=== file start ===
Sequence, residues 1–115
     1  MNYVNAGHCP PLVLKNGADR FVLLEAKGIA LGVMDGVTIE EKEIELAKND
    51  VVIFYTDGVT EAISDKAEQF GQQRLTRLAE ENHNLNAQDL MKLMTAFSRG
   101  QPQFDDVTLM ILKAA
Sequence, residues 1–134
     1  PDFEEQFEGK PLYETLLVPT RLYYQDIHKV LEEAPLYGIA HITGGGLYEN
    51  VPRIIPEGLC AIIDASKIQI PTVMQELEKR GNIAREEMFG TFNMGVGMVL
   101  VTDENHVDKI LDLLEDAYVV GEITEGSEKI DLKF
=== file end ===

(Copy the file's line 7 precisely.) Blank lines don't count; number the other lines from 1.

    51  VPRIIPEGLC AIIDASKIQI PTVMQELEKR GNIAREEMFG TFNMGVGMVL